Interview with author Lisa Winkler – editor of Tangerine Tango

In addition to writing a regular blog, Lisa Winkler is the author of On the Trail of the Ancestors, A Black Cowboy’s Ride Across America.  She’s also the editor of a new anthology of writing by women called Tangerine Tango (yes, of course I’m in it!) and I was impressed with the energy and dedication she brought to putting the project together, so I asked her about it.

GC: Congratulations on publishing Tangerine Tango. Is this the first book you’ve produced?

LW: Thanks, Gabi! I’m so proud of the book. This is my second book.  On the Trail of the Ancestors: A Black Cowboy’s Ride Across America was published last February. That is a very different book than Tangerine Tango. It tells the journey of a teacher I met from Newark, NJ who rode his horse from New York to California to honor the contributions of African-Americans to US history.

Tangerine Tango is a collection of essays and poems by 12 women writers.

GC: Tell me something about how you found your authors.

LW: Most of the writers I have befriended through blogging and I asked them to contribute.  By reading and commenting on each others’ blogs I feel as if I have all these wonderful friends!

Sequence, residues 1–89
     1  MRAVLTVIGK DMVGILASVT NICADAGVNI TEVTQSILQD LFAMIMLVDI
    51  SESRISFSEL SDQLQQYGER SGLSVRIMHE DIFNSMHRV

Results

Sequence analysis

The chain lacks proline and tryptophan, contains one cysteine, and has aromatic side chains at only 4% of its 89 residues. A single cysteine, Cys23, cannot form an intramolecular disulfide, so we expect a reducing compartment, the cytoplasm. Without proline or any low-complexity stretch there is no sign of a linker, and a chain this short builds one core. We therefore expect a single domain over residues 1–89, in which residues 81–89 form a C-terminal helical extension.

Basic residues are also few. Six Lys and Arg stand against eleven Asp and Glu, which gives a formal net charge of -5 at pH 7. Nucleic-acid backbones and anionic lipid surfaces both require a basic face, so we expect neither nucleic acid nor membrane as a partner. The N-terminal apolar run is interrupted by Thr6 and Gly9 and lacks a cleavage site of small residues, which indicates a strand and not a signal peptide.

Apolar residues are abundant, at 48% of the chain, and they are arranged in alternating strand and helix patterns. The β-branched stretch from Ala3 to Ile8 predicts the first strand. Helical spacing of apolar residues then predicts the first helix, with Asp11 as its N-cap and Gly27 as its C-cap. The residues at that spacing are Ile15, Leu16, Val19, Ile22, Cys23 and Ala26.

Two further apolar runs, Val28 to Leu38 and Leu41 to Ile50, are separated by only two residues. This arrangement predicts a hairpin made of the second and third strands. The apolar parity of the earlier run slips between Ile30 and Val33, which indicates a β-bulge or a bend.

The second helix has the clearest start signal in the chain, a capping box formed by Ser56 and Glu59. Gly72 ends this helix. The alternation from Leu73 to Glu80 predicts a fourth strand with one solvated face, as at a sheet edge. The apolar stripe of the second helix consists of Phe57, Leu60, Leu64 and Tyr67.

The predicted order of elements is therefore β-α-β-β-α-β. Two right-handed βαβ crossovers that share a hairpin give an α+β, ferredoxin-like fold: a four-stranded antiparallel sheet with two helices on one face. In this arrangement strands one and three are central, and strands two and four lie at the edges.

GC: The book is attractive looking. Did you design it yourself, or did you have help?

LW: I had help. I am so lucky to have met Solveig Marina Bang. She is a designer and copy editor, based in India, who turns my word documents into art!  We go back and forth debating grammar as well as design.  She created 9 covers for me to select from—I loved this one immediately.

GC: Which parts of the publishing process did you handle yourself? (ISBN numbers, editing, etc)

LW: I have self-published with CreateSpace, Amazon’s publishing company. They assign the ISBN. I edited the essays and shared the edits with the writers. Then Marina and I pored through the entire document scores of times, and the writers proofread it too. I think there were over 20 drafts before it was ready to submit for publication.

GC: Was publishing the book pretty straightforward?